Architecture Raj Rewal Associates
National Institute of Immunology, New Delhi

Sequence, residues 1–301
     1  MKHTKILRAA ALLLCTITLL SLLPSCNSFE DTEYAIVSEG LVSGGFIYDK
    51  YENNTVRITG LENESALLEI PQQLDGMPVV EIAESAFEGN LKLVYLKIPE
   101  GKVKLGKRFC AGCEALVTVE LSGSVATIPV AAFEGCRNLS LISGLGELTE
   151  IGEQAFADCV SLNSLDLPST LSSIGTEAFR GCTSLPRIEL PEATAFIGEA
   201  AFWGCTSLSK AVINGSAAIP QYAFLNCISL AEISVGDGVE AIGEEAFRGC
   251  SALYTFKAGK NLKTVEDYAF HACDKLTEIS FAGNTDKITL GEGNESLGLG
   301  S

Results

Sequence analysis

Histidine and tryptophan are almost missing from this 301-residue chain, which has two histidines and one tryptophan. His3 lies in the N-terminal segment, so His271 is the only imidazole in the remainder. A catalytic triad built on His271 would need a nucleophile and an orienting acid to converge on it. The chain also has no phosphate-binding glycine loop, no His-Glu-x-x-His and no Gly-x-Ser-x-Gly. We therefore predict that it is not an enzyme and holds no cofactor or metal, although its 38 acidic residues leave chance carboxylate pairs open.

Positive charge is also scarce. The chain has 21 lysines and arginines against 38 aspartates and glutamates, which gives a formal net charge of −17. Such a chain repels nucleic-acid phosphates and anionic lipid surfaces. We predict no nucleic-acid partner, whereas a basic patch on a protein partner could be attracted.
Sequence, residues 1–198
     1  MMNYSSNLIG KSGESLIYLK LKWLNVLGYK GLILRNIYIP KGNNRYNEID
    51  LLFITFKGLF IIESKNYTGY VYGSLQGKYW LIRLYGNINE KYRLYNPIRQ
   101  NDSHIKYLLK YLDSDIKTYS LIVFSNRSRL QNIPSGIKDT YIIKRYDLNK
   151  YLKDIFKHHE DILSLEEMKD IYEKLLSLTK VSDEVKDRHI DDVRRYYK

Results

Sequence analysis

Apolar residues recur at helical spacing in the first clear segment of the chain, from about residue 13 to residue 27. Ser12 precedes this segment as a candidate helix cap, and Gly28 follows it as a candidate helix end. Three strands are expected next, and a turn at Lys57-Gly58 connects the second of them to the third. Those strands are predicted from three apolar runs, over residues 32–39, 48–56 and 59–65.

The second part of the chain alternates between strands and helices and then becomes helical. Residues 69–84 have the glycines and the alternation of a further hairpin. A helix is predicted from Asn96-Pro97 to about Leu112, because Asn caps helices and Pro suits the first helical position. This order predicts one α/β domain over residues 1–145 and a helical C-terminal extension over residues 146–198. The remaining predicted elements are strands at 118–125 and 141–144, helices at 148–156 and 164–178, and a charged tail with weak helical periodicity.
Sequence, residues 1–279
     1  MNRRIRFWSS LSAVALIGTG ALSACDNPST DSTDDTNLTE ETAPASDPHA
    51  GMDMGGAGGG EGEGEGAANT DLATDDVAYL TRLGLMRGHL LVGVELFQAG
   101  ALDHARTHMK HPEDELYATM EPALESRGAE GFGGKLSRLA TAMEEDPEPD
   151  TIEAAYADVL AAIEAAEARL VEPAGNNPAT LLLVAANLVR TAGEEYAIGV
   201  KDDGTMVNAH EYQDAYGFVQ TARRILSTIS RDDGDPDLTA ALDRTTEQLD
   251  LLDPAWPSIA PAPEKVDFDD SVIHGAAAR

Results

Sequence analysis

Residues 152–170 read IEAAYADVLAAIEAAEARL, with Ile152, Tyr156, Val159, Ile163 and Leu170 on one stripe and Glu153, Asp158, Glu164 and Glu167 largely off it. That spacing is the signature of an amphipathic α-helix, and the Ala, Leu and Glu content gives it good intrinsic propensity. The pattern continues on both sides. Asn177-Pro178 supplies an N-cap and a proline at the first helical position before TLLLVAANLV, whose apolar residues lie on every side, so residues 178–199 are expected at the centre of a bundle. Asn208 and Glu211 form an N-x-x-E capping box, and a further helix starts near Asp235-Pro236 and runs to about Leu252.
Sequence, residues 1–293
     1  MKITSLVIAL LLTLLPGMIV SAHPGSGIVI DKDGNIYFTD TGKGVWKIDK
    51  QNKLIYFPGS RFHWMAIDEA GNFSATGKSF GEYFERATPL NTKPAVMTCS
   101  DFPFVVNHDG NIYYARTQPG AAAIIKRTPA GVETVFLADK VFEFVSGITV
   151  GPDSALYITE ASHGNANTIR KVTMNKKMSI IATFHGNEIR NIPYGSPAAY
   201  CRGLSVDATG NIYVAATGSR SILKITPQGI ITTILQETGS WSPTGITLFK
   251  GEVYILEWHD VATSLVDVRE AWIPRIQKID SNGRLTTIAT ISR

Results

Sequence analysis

The National Institute of Immunology (NII) in New Delhi designed by Raj Rewal in 1990 was a key project in his oeuvre of institutional and housing projects articulating his approach towards a language that was contemporary from an Indian perspective. A set of cases such as the morphology of towns and cities like Jaisalmer or Udaipur became very crucial in defining this language for modern and contemporary building in India. And this was worked out through precise detailing of architectural elements as well as designing the use of material, such as sandstone. Integrating structure, form, and historical references has been the mainstay of Rewal’s oeuvre, and the campus for NII articulated this into a set of a beautiful sequence of spaces as well as architectural experiences. The campus is now seen as an urban neighbourhood and an intimate series of spaces — interconnected courtyards and terraces, projecting jharokha-type structures, and framed pathways. The exact logic and articulations are continued in the recently completed phase of the campus. Rewal’s architecture has consistently extended a set of historical references into present times in the belief of a timelessness he associates with certain architectural formulations, and a spatio-visual typology has emerged quite uniquely from his experiments. To extract his works from the readings of Indianness and the formula of the Indian-modern may actually allow one to read and draw out a design typology that produces visual encounters through spatial narratives, and often the jugalbandi between space and visuality interesting tilting the balance in one way or another. A language of visual elements as compositions seen through certain spatial formations and narratives is the constant struggle in Rewal’s buildings, and in more recent projects, his mastery over this methodology of design has allowed him to be more playful, bolder, experimental. In this scenario, to visit a campus designed by him earlier, and recently completing another phase of it, may actually help in reviewing an architectural journey beyond formulaic theses or staple labels of Indianness and so on.